Take Five, and Five More

It’s not that I see a lot of concerts. I don’t. So in the context of relative superlatives let it be henceforth:

Sunday’s concert of the Dave Brubeck Quartet followed by the Ramsey Lewis Trio was the best jazz concert I have ever seen.

This includes seeing Mr. Brubeck in Little Rock in 1993, ’94 and ’95, which would have rated fourth through sixth. The third-best concert was of Pharoah Sanders in late 1985 or early ’86 (The progressive Mr. Sanders turns out to have been a Little Rock native and was in town visiting family) playing sincerely in a Little Rock bar that wasn’t designed for live music, much less his intense jazz. Second best was Sonny Rollins at Stanford University in about 1978, when his horn’s microphone went out and he played on, changing his embouchure and breath to fill the auditorium acoustically.

Brubeck a decade ago moved slowly until he sat at the piano then he dropped 30 years; we thought we were seeing the last of him. Later this week, he is to turn 86 years old. He still moves slowly, and he still plays majestically. Two of his sidemen were the same; the bassist was new (though of a comparable age). Brubeck’s is still a largely cerebral music, even when he and his group play a standard like “St. Louis Blues.” The blues feel there was authentic, though, and the improvisations throughout the set all were fresh, neither canned nor frozen.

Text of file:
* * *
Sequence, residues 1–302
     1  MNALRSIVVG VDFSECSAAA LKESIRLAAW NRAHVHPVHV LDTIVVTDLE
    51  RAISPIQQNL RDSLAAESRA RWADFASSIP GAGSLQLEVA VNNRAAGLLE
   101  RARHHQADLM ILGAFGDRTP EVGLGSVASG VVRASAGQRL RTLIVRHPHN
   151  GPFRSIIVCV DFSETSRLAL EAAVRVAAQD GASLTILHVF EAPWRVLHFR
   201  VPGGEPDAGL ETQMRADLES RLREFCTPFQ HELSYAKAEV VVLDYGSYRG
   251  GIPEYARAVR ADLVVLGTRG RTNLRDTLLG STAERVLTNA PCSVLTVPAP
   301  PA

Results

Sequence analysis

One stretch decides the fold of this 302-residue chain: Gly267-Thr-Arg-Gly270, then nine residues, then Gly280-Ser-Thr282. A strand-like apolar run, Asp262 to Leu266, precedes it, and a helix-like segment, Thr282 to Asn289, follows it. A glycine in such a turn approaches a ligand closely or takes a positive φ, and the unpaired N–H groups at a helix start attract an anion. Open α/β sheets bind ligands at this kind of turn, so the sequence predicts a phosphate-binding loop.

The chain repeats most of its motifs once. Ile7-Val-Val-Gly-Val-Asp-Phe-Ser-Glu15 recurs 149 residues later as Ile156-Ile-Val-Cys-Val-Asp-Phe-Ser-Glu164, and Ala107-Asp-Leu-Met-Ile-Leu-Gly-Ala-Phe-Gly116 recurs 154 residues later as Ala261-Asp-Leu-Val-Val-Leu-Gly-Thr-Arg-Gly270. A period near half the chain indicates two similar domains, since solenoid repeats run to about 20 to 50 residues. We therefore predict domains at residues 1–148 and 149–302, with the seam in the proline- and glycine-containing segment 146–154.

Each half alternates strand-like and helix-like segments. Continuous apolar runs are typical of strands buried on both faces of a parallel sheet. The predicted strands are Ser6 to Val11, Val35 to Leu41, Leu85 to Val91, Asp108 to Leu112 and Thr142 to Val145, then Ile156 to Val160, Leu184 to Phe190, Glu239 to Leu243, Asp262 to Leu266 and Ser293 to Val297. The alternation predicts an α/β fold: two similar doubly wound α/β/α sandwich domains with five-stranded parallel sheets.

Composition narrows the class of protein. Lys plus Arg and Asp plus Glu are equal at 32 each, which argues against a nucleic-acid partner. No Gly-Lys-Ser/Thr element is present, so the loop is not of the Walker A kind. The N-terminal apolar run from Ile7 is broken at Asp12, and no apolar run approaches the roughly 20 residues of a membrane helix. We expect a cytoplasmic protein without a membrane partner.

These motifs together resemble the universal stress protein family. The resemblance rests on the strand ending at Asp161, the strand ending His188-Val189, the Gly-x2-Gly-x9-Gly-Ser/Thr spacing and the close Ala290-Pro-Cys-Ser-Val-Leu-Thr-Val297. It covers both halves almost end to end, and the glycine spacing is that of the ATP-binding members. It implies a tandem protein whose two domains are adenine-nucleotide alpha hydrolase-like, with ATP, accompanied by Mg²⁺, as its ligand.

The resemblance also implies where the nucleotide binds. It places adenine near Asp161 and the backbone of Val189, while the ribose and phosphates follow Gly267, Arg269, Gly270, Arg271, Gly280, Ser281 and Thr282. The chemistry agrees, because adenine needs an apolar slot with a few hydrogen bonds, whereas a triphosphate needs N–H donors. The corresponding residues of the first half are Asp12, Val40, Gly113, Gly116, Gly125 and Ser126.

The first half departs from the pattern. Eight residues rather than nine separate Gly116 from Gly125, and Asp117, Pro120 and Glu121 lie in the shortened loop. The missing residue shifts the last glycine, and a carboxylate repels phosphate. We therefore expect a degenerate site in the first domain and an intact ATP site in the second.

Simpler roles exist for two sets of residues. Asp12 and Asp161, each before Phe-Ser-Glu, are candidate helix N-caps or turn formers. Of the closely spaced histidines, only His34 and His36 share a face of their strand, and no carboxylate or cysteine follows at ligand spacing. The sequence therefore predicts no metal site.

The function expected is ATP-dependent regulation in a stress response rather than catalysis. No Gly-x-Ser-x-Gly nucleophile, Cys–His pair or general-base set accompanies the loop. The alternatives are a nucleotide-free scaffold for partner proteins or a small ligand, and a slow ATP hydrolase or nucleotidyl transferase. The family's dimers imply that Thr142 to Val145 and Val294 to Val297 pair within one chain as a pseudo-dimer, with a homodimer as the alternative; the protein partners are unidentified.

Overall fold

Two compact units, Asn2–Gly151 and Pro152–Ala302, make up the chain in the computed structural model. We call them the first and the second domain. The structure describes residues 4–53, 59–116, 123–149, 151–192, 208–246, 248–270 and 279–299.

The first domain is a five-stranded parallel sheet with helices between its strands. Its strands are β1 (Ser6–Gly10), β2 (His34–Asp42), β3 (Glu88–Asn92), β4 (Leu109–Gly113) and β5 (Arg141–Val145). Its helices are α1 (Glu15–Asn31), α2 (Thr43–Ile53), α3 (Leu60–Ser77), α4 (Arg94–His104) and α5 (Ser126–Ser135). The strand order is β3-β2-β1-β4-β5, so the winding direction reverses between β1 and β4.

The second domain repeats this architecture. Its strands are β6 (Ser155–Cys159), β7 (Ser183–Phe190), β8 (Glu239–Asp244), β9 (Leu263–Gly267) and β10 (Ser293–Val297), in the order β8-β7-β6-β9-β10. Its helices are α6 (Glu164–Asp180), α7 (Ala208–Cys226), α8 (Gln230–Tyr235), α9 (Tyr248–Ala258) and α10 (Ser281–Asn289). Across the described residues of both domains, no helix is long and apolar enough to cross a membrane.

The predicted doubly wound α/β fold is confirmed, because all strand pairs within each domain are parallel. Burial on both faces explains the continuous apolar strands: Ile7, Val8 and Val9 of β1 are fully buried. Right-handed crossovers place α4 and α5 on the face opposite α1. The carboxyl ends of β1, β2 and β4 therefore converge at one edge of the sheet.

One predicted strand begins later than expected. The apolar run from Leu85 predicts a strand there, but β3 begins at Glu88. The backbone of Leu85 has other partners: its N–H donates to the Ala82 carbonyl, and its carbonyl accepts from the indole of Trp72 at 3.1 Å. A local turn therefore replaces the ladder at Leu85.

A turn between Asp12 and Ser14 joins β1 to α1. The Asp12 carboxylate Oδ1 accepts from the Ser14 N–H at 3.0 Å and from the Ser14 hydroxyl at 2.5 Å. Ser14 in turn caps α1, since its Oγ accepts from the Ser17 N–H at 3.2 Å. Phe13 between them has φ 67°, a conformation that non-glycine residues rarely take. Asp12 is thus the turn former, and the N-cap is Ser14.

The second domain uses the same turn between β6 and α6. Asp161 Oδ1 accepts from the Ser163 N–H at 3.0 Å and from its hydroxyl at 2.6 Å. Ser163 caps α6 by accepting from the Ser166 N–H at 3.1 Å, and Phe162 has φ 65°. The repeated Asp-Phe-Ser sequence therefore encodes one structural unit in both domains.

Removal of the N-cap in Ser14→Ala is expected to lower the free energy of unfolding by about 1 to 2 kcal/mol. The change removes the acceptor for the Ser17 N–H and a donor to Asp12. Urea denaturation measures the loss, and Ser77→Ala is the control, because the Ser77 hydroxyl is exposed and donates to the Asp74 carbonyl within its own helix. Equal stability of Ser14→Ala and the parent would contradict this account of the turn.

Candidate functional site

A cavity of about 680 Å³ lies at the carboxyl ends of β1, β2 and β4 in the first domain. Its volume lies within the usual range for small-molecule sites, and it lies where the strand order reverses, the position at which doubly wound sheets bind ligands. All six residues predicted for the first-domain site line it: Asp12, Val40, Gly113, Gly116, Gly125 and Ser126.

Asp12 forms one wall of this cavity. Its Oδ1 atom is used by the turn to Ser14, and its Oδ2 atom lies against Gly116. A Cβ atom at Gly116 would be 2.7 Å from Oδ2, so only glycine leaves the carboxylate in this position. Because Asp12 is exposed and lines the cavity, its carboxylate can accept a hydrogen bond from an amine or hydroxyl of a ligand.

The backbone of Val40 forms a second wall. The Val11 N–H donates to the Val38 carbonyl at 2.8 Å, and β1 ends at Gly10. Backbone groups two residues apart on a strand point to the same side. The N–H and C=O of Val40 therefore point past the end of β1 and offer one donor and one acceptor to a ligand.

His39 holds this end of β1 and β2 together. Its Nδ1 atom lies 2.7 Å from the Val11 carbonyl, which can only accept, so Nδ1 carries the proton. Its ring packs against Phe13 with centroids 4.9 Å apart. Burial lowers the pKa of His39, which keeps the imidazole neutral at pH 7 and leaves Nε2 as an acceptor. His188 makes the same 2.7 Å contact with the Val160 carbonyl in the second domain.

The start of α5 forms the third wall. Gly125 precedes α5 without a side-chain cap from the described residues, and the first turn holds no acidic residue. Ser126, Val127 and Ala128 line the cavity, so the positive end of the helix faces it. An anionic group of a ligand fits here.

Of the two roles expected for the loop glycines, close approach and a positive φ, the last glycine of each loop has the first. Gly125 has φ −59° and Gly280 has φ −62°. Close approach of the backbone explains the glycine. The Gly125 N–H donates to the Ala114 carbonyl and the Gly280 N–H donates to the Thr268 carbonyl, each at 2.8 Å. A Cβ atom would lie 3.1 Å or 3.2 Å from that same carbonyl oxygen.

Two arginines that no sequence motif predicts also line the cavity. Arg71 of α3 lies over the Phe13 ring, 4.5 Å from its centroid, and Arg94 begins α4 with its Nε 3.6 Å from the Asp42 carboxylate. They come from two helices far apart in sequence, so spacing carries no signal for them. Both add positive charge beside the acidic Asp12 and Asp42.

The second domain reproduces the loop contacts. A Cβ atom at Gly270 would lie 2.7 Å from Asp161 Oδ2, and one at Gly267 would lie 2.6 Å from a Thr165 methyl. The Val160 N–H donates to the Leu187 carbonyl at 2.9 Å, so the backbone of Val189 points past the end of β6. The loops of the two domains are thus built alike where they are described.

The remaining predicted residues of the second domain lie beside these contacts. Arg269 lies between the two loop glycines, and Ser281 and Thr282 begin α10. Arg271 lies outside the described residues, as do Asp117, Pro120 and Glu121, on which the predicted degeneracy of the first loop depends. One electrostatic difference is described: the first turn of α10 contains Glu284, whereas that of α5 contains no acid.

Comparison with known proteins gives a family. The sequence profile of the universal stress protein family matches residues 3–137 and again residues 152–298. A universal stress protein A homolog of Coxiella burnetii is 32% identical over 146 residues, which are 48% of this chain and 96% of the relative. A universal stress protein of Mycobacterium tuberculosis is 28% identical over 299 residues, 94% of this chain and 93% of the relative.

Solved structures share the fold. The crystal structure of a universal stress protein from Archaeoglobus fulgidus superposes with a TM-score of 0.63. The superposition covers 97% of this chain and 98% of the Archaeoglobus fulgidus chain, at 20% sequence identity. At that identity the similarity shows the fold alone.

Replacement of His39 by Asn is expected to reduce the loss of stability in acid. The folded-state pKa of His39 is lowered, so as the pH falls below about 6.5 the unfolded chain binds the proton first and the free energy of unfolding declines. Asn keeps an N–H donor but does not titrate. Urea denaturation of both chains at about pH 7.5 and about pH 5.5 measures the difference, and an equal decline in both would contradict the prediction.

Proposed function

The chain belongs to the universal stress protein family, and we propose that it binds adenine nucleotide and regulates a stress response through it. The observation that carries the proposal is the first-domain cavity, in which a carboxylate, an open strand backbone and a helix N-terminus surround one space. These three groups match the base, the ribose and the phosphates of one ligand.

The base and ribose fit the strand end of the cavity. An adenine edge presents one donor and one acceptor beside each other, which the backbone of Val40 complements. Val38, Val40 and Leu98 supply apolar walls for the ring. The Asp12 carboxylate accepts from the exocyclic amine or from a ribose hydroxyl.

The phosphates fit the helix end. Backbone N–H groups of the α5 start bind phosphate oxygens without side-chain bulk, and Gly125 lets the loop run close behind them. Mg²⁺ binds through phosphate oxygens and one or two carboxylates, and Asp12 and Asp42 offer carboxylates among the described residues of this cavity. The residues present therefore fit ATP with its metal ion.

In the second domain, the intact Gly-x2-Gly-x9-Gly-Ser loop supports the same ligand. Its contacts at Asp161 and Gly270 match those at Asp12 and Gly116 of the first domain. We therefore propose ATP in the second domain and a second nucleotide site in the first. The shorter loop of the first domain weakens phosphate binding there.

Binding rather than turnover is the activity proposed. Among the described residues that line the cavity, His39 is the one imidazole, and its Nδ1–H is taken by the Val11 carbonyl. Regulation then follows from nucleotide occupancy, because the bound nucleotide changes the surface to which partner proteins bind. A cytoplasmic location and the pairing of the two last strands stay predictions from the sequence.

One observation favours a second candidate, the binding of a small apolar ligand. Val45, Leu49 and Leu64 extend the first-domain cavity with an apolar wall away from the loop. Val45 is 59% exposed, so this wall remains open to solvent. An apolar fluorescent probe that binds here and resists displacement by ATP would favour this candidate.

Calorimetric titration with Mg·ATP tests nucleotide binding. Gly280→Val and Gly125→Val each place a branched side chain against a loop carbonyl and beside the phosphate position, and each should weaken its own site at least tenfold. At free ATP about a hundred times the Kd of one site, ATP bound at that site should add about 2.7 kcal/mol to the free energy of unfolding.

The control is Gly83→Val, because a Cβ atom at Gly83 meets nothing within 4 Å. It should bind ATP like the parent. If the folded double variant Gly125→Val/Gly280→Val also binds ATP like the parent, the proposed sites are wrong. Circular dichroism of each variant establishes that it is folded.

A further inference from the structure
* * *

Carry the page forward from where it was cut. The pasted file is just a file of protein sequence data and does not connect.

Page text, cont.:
Fellow pianist Lewis followed, and the change was like sunshine breaking open after a dramatic thunderstorm. He and an incredible drummer showed both tremendous flexibility and a playfulness that was just implicit in Brubeck’s men. Lewis himself is 71, but he is comfortable even sneaking in a rock motif occasionally.

It can’t be unusual for any professional, but a cell phone interrupted a long solo of his. I only watched Lewis: He instantly stopped playing, holding his fingers directly over the keys to next be struck. He stared ahead, upstage. When the commotion died, he began exactly where he left, face still impassive. The audience after just that unaccompanied piece gave him a standing ovation that he accepted gracefully: We’re better than that, the applause said, and his smile said, I know.

I asked around afterward; we knew some people who sat close to the jerk. It seems his cell rang and he fumbled around for the phone so long that it stopped squawking. He looked at its screen to ascertain who the caller was, and he returned the call from his seat! He began to say, “I’m at a concert,” when at least dozens of people shushed him. He silenced the phone, Mr. Lewis resumed his piece, and a couple of minutes later the jerk walked out and did not return.

Lewis’ sidemen came back for the next song. As they wrapped up, the whole of the evening became as clear as the metaphorical post-storm above. Dave and Ramsey demonstrated a range of American jazz. It wasn’t the whole continuum by a long shot, but their sonorous contrast will stay with the audience for a long time. -30-

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